The culture of fresh water fish in Southeast Asia is the fastest growing source of protein in the world today and its continued growth is essential as marine resources diminish, for food security in the developing world. This sector is of particular importance to the poorest people in the region, both as a source of dietary protein as well as for employment and income. Global change scenarios predict temperature rises for the region of between 1-6ºC within the next century and the ability of aquaculture species to adapt to these changes is therefore of great concern to growers and policy makers alike.
Since most of the species in tropical aquaculture are air breathers, with very different reactions to common environmental stresses than the better-known water breathers, predicting the reaction to climate change is not presently possible. By correlating temperature sensitivities, physiological functions and anatomical structures, we will identify physiological bottlenecks and key-adaptations that allow some species to thrive, while others perish, in face of environmental change. In addition this research will be used as a vehicle to stimulate the introduction of research based teaching at university level and the development of a research based advisory capacity on global change effects for policy makers in tropical Southeast Asia. Thus ensuring that the capacity for these roles is in place beyond the time frame of the project.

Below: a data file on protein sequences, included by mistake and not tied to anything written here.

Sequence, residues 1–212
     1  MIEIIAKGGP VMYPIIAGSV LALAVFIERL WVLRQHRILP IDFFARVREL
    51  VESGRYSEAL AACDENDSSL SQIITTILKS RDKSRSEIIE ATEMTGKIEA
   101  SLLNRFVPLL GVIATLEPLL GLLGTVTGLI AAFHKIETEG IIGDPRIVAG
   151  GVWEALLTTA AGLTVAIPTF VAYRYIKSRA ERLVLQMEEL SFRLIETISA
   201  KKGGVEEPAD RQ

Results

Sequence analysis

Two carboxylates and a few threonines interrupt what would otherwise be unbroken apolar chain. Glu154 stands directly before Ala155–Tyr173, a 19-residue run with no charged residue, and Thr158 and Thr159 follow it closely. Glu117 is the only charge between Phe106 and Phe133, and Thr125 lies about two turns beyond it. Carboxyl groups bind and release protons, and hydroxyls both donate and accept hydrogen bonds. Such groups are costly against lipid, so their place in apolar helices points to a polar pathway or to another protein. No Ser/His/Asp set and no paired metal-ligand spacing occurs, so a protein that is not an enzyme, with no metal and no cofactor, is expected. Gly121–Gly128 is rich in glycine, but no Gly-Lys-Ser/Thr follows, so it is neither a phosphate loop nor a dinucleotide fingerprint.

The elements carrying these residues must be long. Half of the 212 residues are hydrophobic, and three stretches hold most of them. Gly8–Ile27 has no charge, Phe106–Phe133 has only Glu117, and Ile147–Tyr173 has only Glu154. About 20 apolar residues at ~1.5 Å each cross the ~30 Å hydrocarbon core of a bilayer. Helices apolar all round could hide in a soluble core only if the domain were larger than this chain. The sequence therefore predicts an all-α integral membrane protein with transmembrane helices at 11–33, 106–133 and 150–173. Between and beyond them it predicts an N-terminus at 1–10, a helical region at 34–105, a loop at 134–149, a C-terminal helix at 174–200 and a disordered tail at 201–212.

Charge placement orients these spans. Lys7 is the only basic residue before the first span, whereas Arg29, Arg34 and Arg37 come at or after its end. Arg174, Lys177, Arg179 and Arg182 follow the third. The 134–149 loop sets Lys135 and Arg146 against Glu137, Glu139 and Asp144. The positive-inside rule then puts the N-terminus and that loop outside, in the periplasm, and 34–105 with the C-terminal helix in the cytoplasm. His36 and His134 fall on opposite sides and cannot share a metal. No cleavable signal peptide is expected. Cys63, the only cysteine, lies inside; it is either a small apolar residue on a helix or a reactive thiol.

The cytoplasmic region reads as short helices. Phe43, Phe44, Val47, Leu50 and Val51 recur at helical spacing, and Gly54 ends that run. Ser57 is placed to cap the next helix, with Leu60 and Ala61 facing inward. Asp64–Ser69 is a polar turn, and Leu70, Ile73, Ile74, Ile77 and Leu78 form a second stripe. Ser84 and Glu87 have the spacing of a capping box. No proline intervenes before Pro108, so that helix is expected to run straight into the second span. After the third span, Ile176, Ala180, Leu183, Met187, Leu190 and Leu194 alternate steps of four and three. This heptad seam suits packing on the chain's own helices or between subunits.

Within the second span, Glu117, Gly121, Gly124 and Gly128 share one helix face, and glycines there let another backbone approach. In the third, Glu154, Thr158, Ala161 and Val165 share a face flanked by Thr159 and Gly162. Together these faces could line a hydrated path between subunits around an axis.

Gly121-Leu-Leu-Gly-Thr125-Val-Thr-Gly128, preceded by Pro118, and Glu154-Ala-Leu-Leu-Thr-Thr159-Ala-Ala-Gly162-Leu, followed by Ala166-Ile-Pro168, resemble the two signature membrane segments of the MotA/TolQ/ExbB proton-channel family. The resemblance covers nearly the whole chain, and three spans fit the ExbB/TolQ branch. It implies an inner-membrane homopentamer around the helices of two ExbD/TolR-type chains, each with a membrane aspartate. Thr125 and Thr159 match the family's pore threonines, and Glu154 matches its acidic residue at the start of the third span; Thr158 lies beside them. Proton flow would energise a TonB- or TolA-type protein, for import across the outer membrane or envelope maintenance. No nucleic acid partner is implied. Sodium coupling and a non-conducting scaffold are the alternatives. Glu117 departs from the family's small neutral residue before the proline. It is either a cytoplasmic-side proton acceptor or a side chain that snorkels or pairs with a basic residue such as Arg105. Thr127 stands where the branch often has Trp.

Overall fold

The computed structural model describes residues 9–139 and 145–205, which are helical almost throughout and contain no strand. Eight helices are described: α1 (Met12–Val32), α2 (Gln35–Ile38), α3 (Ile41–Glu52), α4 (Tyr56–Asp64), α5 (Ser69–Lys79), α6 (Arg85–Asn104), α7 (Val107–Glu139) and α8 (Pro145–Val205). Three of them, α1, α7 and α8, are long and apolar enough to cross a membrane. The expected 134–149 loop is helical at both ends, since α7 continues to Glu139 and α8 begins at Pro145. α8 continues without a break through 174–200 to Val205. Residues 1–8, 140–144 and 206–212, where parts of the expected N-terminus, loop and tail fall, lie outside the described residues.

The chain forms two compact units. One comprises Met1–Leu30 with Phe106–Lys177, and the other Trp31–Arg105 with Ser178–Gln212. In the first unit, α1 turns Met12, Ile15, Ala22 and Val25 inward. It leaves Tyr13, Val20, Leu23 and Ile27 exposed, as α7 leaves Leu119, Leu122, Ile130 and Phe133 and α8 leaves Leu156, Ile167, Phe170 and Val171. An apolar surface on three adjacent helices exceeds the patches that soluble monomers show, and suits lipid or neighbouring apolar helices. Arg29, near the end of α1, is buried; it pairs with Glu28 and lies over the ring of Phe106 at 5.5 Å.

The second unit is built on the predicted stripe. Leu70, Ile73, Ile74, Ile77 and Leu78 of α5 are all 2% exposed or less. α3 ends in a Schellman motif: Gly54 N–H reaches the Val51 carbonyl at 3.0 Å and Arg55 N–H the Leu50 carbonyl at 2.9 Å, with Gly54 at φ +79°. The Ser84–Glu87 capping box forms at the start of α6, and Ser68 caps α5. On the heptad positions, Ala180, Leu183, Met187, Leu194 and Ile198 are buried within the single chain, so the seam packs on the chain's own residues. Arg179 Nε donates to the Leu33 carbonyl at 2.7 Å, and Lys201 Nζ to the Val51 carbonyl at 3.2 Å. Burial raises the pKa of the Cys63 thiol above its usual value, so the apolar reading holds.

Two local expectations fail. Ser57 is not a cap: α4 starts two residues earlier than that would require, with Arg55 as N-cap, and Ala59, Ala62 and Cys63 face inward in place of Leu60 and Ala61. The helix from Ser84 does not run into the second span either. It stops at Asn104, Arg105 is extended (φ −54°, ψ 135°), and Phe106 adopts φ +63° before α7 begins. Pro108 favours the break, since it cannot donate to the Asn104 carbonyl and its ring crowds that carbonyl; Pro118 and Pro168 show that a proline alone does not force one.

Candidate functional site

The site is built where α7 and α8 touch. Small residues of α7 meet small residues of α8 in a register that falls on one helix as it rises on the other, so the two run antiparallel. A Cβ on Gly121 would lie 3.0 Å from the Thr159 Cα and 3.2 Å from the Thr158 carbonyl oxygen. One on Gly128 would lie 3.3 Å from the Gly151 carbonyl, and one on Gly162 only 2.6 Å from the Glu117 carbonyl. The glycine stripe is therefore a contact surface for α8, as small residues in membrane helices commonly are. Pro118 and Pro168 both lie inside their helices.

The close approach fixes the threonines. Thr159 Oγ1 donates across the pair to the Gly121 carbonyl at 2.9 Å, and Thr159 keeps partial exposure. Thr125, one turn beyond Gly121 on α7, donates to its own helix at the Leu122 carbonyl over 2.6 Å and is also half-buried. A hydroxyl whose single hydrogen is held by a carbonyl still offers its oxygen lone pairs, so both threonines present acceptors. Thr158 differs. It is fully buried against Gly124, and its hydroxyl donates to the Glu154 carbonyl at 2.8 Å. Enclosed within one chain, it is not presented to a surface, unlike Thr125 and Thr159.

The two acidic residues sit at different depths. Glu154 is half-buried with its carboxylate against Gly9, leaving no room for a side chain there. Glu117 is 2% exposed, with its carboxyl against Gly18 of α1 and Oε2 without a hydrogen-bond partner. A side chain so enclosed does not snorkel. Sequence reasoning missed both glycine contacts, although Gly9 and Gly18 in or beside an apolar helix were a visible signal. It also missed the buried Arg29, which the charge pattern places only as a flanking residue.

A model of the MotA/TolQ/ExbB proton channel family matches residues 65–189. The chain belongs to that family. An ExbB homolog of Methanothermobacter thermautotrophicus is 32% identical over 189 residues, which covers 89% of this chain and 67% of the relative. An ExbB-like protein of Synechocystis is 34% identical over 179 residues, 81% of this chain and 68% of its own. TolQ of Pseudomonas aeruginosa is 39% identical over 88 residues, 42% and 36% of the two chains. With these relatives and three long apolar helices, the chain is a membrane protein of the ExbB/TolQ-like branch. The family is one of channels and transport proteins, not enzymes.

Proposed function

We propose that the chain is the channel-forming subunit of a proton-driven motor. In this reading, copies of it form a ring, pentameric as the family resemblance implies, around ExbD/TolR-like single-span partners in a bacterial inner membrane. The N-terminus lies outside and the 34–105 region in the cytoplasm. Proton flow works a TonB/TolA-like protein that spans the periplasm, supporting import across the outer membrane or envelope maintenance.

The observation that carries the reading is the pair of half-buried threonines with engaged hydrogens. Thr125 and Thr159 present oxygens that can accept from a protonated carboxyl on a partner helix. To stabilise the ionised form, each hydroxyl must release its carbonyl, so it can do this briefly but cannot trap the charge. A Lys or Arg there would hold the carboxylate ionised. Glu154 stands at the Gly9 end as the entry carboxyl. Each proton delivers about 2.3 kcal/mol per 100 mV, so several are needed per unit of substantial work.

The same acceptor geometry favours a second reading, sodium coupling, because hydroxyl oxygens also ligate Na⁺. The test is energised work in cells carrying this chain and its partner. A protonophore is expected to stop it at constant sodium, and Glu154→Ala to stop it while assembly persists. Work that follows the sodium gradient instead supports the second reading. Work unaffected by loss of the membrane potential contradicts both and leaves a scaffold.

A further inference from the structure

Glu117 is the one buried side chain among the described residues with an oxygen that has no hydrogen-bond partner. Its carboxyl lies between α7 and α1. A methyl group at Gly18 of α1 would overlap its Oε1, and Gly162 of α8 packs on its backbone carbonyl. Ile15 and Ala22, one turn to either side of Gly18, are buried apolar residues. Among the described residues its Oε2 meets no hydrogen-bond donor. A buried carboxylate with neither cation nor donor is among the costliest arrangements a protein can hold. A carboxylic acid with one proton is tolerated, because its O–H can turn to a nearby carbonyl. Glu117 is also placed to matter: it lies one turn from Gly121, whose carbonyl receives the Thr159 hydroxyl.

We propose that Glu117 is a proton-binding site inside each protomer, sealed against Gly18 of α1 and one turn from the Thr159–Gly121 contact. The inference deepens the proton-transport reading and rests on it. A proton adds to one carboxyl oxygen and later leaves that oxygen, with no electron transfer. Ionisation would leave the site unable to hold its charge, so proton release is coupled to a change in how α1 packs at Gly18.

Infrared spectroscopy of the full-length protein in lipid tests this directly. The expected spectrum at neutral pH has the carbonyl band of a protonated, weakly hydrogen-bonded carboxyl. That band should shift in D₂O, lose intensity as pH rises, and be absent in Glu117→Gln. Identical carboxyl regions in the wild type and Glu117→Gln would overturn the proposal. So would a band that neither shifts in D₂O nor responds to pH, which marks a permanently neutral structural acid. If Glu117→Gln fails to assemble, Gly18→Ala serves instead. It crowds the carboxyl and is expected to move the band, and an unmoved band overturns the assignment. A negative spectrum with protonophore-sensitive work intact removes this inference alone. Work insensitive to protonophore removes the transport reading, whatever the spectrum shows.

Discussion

Study how a temperature rise from the current value of 27-32 °C to 32-37 °C will affect physiological performance, food conversion efficiency and growth in air-breathing fish. Particular emphasis will be placed on the role of the cardio-respiratory and digestive systems to address the prevailing hypothesis that compromised oxygen transport capacity determines temperature tolerance of aquatic ectothermic vertebrates. 4 air-breathing fish of importance in tropical aquaculture (pangasius, snakehead, climbing perch and rice eel) with marked differences in structure and function of their gills, air-breathing organs and cardiovascular systems have been selected. Identify physiological bottlenecks and key-adaptations that allow some species to thrive, while others perish, in face of environmental change.
Provide an essential basis for future decision making in light of climate change. The capacity to continue this research beyond the time frame of the project will be established in Can Tho. Further, an International annual PhD course on the physiology of air-breathing fish will be established at Can Tho University employing modern teaching techniques. This course will place emphasis on training young researches from universities in Southeast Asia.
Aarhus University, Department of Bioscience (cordinating partners)
Can Tho University, College of Aquaculture and Fisheries, Vietnam
University of Southern Denmark, Department of Biology
Aarhus University, Institut for Klinisk Medicin
A/Prof. Dr. Mark Bayley (coordinator)
Prof. Dr. Nguyen Thanh Phuong (local coordinator)
5 years from Jan. 2013 to Dec. 2017